Pollution whose source originates directly from industry is known as industrial pollution. After the Industrial Revolution, manufacturing and technology made advances, which resulted in more factories and more industry. These factories emitted smoke into the air. The effects of the smoke, along with the pollution that industries caused to water and even the land beneath and around the factories were becoming obvious. Industrial pollution was also pointed out as a major factor in wildlife extinction and eventually, even global warming. The global environment, even areas that are not industrial, have been impacted. Arctic and Antarctic ice samples have been shown to have high levels of pollutants, demonstrating the great distances that pollutants can travel. It became clear that environmental degradation was happening as a direct result of industrial pollution and something needed to be done.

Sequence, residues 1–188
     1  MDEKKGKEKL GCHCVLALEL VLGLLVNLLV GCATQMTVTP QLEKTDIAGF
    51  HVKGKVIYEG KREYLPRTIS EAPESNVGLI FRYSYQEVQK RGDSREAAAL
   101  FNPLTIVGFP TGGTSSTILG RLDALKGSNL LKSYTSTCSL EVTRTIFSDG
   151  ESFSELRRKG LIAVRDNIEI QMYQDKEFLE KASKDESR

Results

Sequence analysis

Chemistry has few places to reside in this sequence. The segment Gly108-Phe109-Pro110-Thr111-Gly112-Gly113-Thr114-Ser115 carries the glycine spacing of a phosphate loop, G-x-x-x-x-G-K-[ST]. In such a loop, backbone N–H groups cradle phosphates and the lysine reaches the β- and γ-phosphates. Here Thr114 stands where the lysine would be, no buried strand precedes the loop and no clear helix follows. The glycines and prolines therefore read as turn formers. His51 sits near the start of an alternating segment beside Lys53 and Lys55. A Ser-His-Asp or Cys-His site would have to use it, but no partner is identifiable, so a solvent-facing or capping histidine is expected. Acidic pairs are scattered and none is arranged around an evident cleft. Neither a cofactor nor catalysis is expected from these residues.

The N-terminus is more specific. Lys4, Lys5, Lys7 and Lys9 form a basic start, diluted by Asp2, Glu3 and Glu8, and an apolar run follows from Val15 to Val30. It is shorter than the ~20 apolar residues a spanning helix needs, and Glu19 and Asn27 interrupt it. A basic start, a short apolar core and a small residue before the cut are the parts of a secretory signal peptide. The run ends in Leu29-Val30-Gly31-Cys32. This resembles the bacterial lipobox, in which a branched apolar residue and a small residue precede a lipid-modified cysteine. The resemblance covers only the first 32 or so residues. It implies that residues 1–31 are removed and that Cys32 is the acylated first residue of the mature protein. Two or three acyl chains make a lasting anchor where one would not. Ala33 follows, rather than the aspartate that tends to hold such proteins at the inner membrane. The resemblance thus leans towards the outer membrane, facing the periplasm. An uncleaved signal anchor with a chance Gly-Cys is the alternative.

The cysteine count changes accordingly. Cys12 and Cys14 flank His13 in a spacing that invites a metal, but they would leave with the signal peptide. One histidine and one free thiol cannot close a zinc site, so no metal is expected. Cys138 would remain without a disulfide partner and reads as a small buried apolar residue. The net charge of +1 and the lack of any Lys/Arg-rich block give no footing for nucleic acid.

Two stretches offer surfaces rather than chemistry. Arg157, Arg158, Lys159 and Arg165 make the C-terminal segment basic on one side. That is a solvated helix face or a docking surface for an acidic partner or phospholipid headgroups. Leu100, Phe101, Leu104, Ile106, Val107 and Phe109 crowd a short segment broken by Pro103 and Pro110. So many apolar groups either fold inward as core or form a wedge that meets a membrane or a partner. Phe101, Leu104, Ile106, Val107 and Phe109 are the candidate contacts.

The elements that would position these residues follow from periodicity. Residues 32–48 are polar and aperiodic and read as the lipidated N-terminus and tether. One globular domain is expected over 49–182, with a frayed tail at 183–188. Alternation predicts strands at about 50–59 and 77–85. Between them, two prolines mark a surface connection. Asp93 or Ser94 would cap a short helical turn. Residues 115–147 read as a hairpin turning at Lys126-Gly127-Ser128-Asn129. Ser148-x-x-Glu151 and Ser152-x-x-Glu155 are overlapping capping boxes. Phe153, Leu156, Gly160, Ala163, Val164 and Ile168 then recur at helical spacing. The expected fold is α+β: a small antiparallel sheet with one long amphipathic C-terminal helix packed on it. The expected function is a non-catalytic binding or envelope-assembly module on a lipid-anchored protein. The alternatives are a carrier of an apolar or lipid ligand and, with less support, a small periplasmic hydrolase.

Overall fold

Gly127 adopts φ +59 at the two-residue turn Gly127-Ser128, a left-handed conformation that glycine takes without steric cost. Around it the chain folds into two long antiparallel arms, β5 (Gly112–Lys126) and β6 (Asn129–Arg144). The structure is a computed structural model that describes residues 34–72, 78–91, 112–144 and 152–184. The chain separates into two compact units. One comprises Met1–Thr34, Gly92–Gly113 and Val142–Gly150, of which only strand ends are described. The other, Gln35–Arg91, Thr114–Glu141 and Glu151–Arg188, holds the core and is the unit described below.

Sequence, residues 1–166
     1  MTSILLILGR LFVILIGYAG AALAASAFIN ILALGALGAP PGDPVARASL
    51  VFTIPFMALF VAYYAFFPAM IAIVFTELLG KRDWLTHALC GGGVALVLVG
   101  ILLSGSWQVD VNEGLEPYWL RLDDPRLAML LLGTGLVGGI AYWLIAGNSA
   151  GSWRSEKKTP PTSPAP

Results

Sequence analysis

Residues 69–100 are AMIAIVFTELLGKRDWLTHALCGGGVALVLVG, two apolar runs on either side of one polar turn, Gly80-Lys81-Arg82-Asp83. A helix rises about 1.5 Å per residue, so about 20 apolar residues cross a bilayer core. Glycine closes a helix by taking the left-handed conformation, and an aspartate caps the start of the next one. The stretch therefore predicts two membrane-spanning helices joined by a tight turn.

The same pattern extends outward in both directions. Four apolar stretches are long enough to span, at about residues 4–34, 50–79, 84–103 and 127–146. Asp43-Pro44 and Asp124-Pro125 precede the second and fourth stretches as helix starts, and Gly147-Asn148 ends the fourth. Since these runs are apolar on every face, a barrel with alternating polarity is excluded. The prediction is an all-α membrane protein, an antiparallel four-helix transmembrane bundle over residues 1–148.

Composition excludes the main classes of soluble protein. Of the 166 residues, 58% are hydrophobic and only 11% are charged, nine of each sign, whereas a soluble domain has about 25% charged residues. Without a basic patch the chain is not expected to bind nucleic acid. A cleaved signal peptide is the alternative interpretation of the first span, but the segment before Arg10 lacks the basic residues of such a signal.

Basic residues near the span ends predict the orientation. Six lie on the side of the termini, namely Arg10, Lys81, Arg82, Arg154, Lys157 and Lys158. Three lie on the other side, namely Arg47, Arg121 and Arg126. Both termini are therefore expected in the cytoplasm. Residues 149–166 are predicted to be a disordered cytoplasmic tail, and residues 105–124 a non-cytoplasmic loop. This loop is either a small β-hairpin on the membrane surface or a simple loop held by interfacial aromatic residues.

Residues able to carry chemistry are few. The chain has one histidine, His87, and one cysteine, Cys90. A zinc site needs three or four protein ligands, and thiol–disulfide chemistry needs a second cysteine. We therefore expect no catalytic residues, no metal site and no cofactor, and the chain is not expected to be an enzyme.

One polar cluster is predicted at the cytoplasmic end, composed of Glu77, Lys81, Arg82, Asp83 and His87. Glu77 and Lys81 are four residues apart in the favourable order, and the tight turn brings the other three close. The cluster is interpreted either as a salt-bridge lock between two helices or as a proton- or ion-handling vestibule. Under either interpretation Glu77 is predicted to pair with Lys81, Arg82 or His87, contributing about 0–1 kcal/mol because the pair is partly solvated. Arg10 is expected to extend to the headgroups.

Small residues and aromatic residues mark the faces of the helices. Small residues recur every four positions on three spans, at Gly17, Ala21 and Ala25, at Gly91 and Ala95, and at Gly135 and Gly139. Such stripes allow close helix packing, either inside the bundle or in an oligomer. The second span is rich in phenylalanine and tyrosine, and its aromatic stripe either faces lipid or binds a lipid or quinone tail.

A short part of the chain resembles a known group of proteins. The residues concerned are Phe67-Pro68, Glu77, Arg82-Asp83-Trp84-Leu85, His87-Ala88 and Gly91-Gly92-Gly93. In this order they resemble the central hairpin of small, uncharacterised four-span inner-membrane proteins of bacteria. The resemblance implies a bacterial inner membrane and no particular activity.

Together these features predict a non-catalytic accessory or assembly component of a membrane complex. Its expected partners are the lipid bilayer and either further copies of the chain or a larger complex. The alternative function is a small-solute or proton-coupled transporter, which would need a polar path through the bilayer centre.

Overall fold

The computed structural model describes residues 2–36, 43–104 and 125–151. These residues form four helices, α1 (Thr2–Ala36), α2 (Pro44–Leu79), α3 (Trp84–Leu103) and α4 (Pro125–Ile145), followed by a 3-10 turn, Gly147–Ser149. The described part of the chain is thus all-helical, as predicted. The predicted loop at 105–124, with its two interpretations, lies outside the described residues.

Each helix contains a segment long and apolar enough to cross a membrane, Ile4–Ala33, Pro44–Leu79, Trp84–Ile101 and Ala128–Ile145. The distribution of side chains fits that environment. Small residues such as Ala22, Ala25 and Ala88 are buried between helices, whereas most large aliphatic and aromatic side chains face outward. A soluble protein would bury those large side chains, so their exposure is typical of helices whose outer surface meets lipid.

The Clean Air Act in 1963 had the United States federal law looking to the Environmental Protection Agency to develop and enforce regulations that would protect its citizens from airborne pollutants that are known to cause health issues to humans. Several amendments in more recent years have expanded the Act to address ozone depletion and acid rain, among others. With its introduction in 1972, the Clean Water Act (CWA) was put in place to maintain or restore the nation’s waters by preventing pollution sources. With the adoption of the Pollution Prevention Act of 1990, the United States focused its policy on reducing or preventing pollution at the source.